My roommates for the night were Didier, Robert, Teru and William Gillespie. My memory for some of this is hazy, but I’m pretty sure at one point either Sensei came to our room for a bit or we visited his. Either way it was nice. Things went downhill from there, particularly when the five of us returned to the bath at some ungodly hour, and did drunken sumo. A word of advice: never do drunken sumo in a bath with Teru Murashige (or any other place). The long and short of it is I ended up with a nice purple eye, thanks to a blow to my face.
The next (same?) morning, looking and feeling very much the worse for wear, we straggled to the bath before breakfast. And despite our states at the time, Didier, Robert and I all have strong memories of what we saw as we entered: Ishii-san, who had begun aikido under Chiba Sensei four decades before as a teenager, washing Sensei’s back. Since public bathing remains a strong part of Japanese culture, it’s not uncommon for a younger person to wash an elder’s back. But seeing it then touched me deeply as a gesture of devotion.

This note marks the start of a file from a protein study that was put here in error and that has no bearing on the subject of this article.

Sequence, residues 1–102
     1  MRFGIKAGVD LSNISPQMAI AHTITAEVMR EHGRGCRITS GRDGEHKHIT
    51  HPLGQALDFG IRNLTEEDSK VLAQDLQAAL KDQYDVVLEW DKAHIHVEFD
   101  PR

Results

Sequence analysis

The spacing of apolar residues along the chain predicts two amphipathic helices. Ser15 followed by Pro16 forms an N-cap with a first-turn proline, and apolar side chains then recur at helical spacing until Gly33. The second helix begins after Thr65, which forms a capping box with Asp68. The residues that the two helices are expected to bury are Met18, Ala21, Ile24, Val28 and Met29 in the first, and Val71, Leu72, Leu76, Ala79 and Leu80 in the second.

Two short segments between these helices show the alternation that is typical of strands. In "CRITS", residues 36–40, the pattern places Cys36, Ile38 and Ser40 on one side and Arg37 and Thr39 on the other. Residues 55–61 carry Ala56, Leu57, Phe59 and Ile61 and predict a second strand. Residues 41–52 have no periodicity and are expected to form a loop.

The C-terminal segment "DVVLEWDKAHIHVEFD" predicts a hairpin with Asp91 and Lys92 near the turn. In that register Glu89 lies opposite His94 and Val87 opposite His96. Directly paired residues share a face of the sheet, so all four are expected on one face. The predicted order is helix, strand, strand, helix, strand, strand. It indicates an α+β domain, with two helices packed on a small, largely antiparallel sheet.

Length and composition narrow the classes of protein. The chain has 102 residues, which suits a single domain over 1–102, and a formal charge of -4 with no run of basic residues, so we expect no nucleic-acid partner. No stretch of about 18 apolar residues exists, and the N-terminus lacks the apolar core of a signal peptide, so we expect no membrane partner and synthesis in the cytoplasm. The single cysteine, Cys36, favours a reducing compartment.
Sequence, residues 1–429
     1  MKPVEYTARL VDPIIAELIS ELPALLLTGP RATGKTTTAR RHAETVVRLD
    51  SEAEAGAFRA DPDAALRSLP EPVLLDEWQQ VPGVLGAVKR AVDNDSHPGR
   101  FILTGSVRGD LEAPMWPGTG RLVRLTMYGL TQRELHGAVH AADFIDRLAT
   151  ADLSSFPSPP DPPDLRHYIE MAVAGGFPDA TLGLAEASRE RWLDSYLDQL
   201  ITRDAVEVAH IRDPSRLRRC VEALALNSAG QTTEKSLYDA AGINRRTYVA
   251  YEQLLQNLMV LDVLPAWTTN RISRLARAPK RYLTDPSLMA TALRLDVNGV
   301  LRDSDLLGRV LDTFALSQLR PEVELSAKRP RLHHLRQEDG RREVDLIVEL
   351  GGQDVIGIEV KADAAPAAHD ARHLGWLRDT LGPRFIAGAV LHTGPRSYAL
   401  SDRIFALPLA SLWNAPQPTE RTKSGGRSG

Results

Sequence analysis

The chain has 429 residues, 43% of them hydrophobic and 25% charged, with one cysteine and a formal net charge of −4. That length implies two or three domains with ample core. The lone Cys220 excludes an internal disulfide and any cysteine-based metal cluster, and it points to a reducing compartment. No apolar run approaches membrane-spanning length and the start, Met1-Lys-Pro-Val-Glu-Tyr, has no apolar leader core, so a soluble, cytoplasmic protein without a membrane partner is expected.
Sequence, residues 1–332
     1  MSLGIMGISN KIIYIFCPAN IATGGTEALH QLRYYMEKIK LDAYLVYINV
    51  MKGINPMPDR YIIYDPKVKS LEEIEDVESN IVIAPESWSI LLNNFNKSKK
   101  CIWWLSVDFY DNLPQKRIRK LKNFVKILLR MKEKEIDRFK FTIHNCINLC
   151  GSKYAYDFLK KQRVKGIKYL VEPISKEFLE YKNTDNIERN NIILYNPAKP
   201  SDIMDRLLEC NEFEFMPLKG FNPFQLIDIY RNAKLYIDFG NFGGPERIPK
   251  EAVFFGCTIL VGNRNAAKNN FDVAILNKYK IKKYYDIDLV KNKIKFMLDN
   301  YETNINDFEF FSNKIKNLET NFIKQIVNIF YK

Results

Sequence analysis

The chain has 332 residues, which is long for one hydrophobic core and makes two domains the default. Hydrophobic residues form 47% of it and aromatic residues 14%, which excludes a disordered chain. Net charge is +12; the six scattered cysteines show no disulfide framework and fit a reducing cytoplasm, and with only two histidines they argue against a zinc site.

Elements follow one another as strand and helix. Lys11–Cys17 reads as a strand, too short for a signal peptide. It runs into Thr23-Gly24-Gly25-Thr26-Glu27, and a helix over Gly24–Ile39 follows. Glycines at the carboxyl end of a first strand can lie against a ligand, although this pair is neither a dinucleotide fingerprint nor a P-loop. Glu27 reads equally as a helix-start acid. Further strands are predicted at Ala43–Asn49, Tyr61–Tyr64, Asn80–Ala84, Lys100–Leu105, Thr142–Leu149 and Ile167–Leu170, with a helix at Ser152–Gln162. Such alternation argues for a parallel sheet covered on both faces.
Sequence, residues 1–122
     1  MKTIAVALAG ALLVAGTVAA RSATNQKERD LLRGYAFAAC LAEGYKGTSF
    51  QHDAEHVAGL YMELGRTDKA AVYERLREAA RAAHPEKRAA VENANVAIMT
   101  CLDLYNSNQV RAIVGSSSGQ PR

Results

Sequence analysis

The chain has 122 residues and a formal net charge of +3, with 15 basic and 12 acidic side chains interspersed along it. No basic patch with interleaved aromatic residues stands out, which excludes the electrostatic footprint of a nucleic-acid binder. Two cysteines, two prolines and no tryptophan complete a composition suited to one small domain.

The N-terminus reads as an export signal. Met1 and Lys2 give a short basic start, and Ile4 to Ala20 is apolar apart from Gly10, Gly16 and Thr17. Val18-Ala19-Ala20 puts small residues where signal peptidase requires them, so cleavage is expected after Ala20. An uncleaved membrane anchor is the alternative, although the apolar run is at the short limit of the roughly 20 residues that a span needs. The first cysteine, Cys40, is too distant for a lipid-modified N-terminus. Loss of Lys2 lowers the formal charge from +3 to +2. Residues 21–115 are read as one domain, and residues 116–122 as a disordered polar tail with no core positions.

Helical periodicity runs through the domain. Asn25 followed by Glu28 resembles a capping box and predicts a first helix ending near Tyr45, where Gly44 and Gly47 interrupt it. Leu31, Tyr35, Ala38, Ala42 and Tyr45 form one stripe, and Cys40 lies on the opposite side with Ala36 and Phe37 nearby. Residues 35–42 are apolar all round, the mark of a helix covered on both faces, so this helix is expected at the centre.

It also recalled another episode in Sensei’s life. When Kisshomaru Doshu passed away, Chiba Sensei wrote a memorial in which he recounted how much Doshu had meant to him and the aikido world. In it, he writes about how he quit Hombu in 1979 over some disagreements and went to live in the Japanese countryside. One day, without warning, Doshu arrived at the Chiba family’s home. The two men spent the night at an inn, where they shared a meal and a bath and Sensei washed Doshu’s back. “I believe he came to make sure I was all right.”
That struck me as I made my way behind Ishii-san and Chiba Sensei as silently as possible, and left me ruminating while nursing my head. And it stays with me as I think about the legacy Chiba Sensei left to his students and the dedication he inspired. I hope he rests in peace, secure in the knowledge that he touched a great many people, and in so doing changed their lives.